UVIc to resurrect Chinese Canadian artifacts

Database will make history accessible to residents and researchers

Zhongping Chen

Zhongping Chen

A database is expected to launch this winter as the Chinese Canadian Artifacts Project officially finished the first phase with an announcement at the University of Victoria last Thursday.

Historical documents and artifacts “hidden away” for more than a century will become information in the public realm.

“That was a terrible shame, because over the years Chinese Canadians have made a tremendous contribution to the economic and social development of our province,” said Teresa Wat, minister of international trade and minister responsible for the Asia Pacific strategy and multiculturalism. She made the announcement of phase one’s completion last week at UVic.

It is a milestone in the creation of the first computerized inventory of Chinese historical records and artifacts in B.C. Step one of a pilot project involving the Cumberland Museum and Archives and the Nanaimo Museum is complete, and will inform the work to establish an online database of artifacts.

Cumberland Museum and Archives and Nanaimo Museum were chosen for the pilot project because of their regions’ historically large Chinese populations. There will be 10 or more museums involved in inventories moving forward with a total of $75,000 allocated for the project.

“This will culminate in a digital database that will include the inventories of Chinese Canadian artifacts from all the museums that participated in this project. The database will be available to the public and researchers alike so that everyone can access this rich cultural history,” said Wat. “By bringing attention to the artifacts held in museums across B.C. the untold stories of the Chinese Canadian experience will come to light, many for the first time in communities throughout British Columbia.”

With the first phase complete, UVic has embarked on a new endeavour, in association with the BC Museums Association and in partnership with the Nanaimo Museum and the Cumberland Museum and Archives, to compile a publicly accessible database of Chinese Canadian artifacts held by local museums in B.C. for use by libraries and museums.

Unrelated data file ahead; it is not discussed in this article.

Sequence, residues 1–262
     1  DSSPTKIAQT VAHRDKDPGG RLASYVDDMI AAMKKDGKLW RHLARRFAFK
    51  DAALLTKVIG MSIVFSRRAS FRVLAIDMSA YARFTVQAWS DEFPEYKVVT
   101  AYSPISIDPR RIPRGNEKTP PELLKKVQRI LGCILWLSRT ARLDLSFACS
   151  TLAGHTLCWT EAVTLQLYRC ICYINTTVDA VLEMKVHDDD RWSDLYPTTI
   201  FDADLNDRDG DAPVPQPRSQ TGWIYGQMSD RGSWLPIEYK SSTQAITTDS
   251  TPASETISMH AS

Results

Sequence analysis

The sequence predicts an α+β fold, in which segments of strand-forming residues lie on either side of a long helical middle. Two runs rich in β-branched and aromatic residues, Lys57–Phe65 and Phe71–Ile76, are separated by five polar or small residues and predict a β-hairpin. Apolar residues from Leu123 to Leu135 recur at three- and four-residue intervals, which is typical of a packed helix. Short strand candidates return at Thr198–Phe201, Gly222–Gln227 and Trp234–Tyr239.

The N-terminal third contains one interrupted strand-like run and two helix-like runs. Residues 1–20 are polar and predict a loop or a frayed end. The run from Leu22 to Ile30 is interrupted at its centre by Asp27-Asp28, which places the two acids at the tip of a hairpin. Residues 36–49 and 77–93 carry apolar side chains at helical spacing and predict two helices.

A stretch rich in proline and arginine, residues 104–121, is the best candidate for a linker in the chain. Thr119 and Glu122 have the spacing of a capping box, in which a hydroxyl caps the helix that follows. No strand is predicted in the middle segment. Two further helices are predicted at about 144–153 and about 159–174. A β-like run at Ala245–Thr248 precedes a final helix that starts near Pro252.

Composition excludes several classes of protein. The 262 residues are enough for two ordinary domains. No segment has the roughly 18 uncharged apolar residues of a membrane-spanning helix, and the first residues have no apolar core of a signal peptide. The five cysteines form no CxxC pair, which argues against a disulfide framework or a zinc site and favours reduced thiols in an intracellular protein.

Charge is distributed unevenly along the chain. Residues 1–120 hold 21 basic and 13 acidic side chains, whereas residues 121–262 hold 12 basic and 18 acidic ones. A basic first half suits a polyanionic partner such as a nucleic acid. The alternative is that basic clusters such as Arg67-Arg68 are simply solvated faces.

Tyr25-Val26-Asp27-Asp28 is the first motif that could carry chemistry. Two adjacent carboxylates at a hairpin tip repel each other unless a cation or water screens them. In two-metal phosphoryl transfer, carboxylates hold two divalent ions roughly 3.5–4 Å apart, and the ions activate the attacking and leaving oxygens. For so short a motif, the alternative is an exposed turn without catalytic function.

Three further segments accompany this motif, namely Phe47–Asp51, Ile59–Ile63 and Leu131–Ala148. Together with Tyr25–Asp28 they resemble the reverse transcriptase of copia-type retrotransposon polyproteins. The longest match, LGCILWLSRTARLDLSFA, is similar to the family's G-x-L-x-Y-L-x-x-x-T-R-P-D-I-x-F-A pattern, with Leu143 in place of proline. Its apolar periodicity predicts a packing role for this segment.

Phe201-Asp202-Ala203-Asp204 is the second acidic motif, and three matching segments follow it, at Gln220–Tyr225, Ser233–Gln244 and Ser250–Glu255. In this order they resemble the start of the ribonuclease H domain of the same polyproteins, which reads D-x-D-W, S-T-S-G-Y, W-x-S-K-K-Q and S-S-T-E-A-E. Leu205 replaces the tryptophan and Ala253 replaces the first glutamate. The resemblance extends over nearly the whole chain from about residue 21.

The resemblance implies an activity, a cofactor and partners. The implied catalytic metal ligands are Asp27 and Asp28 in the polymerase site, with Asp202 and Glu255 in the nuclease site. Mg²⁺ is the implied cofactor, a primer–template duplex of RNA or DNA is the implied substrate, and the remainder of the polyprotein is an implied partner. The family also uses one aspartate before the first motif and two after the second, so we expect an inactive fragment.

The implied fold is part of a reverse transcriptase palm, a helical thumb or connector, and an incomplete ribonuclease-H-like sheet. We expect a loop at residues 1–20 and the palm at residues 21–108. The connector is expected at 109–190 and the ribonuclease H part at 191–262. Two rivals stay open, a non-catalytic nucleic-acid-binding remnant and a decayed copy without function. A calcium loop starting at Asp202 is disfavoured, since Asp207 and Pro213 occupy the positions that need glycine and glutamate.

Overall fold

The inventory contains culturally significant artifacts including Chinese coins, scrolls, photographs and historic texts. One of the most interesting finds is a 90-drawer apothecary chest used by a drugstore owner in Nanaimo’s Chinatown to store ingredients for herbal and mineral treatments in traditional Chinese medicine.

“The artifacts inventory database will become an invariable resource for all British Columbians. It will become part of a legacy – a legacy that will honour and reflect in a very tangible way the contribution made by British Columbians, Chinese Canadians,” Wat said. “We can all be proud of the role we will play in helping to honour those Chinese Canadians who where discriminated against in the past and who helped shape B.C.’s future.”

Dr. John Price and Dr. Zhongping Chen of the Department of History at UVic will lead CCAP, in association with Dr. Tusa Shea of the Cultural Resource Management Program.

“We consider this project to be a sacred trust that will allow us with our partners to highlight the resilience and contributions of Chinese Canadian communities and their allies in the past 160 years,” said Price. “We will build on the efforts of local museums by making accessible to all British Columbians the inventories of Chinese Canadian artifacts held in museums throughout the province as well as an index of historical buildings. It will also help museums and archives better identify some of the artifacts that they hold, further organize their CC collections and provide to museums and libraries, free of charge, a publicly accessible database of the artifacts with photos, essential background details and clear instructions on how to find related information on each and every one of the artifacts.”

Participating museums start with training workshops next month that focus on Chinese Canadian/Asian Canadian history as well as technical dimensions of the database creation. Throughout the duration of this 10-month research project that started in February, team members will continue to liaise with museums, provide museum training support and supervise student involvement from the CRMP.

They expect to launch the database by winter.

“This project will highlight the many historical treasures that Chinese Canadians brought to and contributed to the province over the past 150 years,” said Chen, Department of History research director. “Scattered in dozens of smaller towns and cities, they will now be accessible to all British Columbians and become our province’s common heritage. Hopefully more people will donate their precious heirlooms to local museums.”

The project is soliciting expressions of interest from local and regional museums and archives with Chinese Canadian holdings. For further information email ccap@uvic.ca.

cvanreeuwyk@oakbaynews.com

 

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